Press Release
October 19, 2010


To cope with their production loss, Senator Bong Revilla urged farmers and fisherfolks affected by the wrath of super typhoon Juan to avail of the benefits under a newly-enacted law.

Revilla co-authored Republic Act 10000 or the Agri-Agra Reform Credit Act which was enacted into law last February. It is aimed to make small and medium scale enterprises and industries, particularly those engaged in agriculture and fisheries in the countryside, thrive by means of larger capital and access to bank credit.

According to the lawmaker, all available resources must be provided to farmers and fishermen in the face of the onslaught brought by super typhoon Juan. "Juan has begun to wreck havoc on the food supply of Cagayan as well as in Isabela, which is the second highest rice-producing province in the country.We need to protect our farmers and fisherfolks from the effects of the typhoon. In times like this, we must help our local food producers," he pointed out.

He explained that prior to the passage of the Agri-Agra Reform Act, there was already Presidential Decree 717 or the Agri-Agra Law that required banks to set aside 25% of their loanable funds for agricultural lending - 15% for agricultural production and 10% for agrarian reform. However, the said law allowed banks to divert the 10% agrarian reform share to government securities.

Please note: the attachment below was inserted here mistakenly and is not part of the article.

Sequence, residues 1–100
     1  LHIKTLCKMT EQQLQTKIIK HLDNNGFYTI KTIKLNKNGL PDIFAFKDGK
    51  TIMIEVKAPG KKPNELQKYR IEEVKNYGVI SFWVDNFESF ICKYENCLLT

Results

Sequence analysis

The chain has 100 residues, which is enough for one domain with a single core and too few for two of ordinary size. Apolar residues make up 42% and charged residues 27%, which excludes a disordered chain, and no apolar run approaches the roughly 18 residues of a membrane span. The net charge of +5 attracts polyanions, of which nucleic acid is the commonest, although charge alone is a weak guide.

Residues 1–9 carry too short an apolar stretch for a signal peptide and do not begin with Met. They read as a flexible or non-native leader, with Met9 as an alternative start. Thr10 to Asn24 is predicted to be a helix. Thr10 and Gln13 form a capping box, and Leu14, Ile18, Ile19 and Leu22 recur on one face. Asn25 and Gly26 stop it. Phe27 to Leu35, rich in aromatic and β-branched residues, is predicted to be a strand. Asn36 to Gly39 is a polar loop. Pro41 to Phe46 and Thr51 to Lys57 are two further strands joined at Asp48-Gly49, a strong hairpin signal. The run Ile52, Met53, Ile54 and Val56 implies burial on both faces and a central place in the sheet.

"The Agri-Agra Reform Credit Act redirects the 25% loanable fund in favor of small farmers and small and medium scale enterprises. With credit available in the countryside, business enterprises are expected to thrive, thus, providing more jobs and livelihood opportunities to our people," the lawmaker said.

Under RA 10000, all banking institutions, whether government or private, shall set aside at least twenty-five percent (25%) of their total loanable funds for agriculture and fisheries credit in general, of which at least ten percent (10%) of the loanable funds shall be made available for agrarian reform beneficiaries. "Whether or not there is a typhoon, it is our duty to promote rural development by enhancing access of the agricultural and aquacultural sector to financial services and programs that would increase their production," Bong Revilla added.

According to the National Food Authority (NFA), super typhoon Juan could damage 232,169 tonnes of unmilled rice crop in the northern Philippines , with only 30% of it able to be harvested. In the worst-case scenario, more than 1.8 million bags or P1.53 billion worth of palay in Isabela will likely be damaged. As of 4 p.m. Monday, about 15,000 sacks of rice in two NFA warehouses in Isabela were destroyed by the typhoon. The National Disaster Risk Reduction and Management Council (NDRRMC) has yet to determine the full extent of the typhoon's effects.

The Philippines is the world's biggest rice importer and damage from the typhoon could see it buy more than expected for 2011.

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